The interest in D2D from traditional players (at least the ones that discuss it with me) tends to come from the traditional owners seeing these D2D companies grow so quickly.

With valuations being up across the board and deals happening on a daily basis, I get it. You’ve worked your whole life and your business does $3 million in revenue and here comes some sales guy out of nowhere, builds his business to $10 million in three years and sells it for a multiple of that. It’s frustrating. Especially, when you look around town and see these guys knocking doors and you know in your heart of hearts that they are doing shitty work, lying to customers, and ruining the reputation of the industry.

Here’s what I have to say about that.

First, it’s true that some people are making a ton of money selling pest control door-to-door. However, more people are making more money doing it the traditional way, the way you’re doing it. So don’t get distracted, because door-to-door sales is not the answer for most companies… and in fact, it’s likely to hold you back.

Remember, what you hear about out there are the successes, not the failures. When Potomac, or Orkin or Rentokil puts out a press release, it’s about some great deal that made everyone rich. We don’t put out press releases that say, “the owner was idiot, the company wasn’t profitable, and the acquirers basically told us to piss off… then the owner lost his mind and is now on the verge of suicide.” Just because we don’t say that kind of stuff, doesn’t mean it doesn’t happen all too often. Most of the door-to-door companies out there are struggling to survive and starved of investment capital.

Instead of worrying about door-to-door sales, focus on building internal capabilities. Focus on getting better at direct marketing, and you won’t need door-to-door.

Second, life’s too short to bamboozle customers into buying what you’re peddling. If you really can’t be proud of what you and your company do every day, then what’s the point. In the last five years, we’ve done about $250 million in D2D pest control transactions. We’ve advised the two largest D2D companies in the industry and dozens of others. Of all of the D2D companies that I’ve met over the years, I’m extremely impressed by 20% of them and disturbed by 80% of them, and I do believe that they are bad for business. Some of these D2D companies, however, really do run very ethical and impressive programs, and I consider the owners to be close personal friends. However, it’s hard to do D2D the right way.

Finally, if you really want to get into D2D, you might be better off in contacting the D2D pest control firms in your area and working out a deal with them. 95% of the owners of these companies are not interested in running a pest control company long-term, they are interested in building and selling them.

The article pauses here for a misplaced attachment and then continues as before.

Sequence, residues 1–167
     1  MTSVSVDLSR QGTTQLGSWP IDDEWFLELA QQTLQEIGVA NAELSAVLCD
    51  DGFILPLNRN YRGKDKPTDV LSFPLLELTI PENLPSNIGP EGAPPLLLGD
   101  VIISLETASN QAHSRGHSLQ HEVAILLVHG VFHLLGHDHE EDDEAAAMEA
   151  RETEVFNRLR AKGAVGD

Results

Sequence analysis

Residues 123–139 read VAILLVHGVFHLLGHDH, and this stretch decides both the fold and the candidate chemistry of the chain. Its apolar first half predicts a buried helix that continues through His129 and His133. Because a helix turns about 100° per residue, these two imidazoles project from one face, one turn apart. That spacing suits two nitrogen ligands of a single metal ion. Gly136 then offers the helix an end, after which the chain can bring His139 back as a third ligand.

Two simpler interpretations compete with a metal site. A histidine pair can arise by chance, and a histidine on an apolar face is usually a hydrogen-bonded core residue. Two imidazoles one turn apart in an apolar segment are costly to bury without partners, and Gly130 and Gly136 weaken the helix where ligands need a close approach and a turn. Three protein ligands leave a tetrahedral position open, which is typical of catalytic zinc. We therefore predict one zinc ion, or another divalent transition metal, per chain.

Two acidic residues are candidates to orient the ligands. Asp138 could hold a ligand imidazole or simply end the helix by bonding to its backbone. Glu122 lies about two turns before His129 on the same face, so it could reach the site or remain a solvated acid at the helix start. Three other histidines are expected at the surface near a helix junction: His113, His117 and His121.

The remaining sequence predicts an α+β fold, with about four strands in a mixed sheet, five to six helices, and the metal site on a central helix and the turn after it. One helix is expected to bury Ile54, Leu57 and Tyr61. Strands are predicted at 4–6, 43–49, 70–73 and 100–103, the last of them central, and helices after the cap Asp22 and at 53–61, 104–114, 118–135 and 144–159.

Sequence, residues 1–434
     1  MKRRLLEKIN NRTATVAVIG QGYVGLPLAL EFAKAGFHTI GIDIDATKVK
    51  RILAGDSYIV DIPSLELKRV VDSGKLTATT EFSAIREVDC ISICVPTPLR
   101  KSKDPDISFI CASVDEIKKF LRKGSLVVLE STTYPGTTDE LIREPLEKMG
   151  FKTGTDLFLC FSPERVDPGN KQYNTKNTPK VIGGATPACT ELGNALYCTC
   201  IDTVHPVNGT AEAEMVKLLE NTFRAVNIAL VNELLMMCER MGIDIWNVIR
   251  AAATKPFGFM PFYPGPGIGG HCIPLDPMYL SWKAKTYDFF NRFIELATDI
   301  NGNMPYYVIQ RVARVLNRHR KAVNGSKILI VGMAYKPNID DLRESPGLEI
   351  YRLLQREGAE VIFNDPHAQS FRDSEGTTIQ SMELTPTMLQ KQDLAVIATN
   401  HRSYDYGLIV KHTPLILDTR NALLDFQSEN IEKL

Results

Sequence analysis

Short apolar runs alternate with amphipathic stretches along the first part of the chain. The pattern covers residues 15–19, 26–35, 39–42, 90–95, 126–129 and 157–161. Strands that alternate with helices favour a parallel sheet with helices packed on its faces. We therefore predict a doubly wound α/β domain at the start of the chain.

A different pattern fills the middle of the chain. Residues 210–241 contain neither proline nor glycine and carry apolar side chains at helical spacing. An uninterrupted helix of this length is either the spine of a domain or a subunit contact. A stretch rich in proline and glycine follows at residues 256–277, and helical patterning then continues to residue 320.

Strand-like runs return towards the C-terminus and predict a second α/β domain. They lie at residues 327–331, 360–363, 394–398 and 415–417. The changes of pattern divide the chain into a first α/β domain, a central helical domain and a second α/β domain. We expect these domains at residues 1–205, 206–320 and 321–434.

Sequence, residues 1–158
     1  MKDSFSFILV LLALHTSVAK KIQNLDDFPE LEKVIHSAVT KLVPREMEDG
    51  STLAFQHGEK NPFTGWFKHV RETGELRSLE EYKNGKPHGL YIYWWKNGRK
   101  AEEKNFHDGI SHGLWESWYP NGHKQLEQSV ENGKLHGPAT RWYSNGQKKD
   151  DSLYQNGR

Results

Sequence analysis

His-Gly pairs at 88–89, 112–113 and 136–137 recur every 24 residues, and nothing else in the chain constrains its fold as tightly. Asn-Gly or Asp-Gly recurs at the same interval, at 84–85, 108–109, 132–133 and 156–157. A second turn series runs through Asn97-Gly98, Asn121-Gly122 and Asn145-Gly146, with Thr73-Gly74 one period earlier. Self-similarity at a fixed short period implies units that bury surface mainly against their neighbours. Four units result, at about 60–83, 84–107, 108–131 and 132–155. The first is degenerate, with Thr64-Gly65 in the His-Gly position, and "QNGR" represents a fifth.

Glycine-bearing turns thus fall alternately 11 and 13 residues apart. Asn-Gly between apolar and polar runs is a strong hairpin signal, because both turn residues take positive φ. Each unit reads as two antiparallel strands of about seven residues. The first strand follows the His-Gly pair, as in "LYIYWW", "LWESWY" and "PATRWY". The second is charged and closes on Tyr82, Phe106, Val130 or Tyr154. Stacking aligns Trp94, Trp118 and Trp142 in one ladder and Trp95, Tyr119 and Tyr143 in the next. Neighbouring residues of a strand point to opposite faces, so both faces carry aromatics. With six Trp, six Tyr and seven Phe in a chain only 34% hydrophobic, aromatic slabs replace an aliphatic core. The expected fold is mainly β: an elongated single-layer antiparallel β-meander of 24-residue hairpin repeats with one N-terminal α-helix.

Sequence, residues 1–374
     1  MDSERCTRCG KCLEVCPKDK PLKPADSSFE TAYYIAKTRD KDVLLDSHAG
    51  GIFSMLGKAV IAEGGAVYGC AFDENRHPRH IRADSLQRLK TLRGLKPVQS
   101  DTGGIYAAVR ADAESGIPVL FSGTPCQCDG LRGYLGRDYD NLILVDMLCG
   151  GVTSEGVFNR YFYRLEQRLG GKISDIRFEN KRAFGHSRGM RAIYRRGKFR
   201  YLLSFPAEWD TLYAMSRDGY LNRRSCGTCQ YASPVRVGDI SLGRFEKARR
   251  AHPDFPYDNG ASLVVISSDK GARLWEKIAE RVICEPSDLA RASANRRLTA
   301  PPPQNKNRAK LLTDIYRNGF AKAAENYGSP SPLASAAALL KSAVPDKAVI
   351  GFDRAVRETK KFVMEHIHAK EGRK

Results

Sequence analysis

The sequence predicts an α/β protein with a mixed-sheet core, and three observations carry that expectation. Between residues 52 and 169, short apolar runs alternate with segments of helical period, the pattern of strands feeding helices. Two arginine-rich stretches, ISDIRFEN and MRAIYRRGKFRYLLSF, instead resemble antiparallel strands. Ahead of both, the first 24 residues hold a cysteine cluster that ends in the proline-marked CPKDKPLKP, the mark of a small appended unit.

Let me give you an example. Last year, a friend of mine in the industry came to me and said, “Paul, I’m pissed at this D2D company, they keep trying to pick off my customers, and now they are lying to them. I am going to hire my own D2D sales force that’s twice the size.”

My suggestion was to forget about selling pest control door-to-door and instead take the owner to lunch. Let him know that you understand that he’s building a business to sell, and you’re willing to buy his business as soon as 75% of the customer base has been seasoned for 18 months or more (at 18 months, D2D customer tend to proximate traditional customers). I suggested that he offer to assist the know-nothing, 25-year D2D owner, if he is willing to walk away from any customers of his firm.

Bottom line was, instead of going to war, there was a great opportunity for the two firms to work together. And that’s exactly what they are doing right now. In fact, my buddy will be buying the D2D accounts in his service area after they’ve been seasoned and the D2D company will be using that cash to fund growth in adjacent markets, which my friend intends to buy in the future.

What About the Pot of Gold at the End of the Rainbow?

Alterra didn’t sell for the same multiple as Steritech did. None of these door-to-door companies, for the most part, get the same valuation multiple as their traditional brethren. Why? Oh let me count the ways.

First, customer retention tends to be significantly lower.

Second, technicians tend to be younger and less experienced.

Third, management tends to be younger and less experienced.

Fourth, when the D2D company turns off D2D sales, there is nothing else in place to drive leads and new sales.

I could go on and on.

Buying a company’s accounts is a lot different than buying a bundle of unique resources and capabilities.

In this market, D2D and low quality traditional businesses have been rewarded by acquirers as the rising tide has lifted all boats. But we’ve hit an inflection point and that is beginning to change.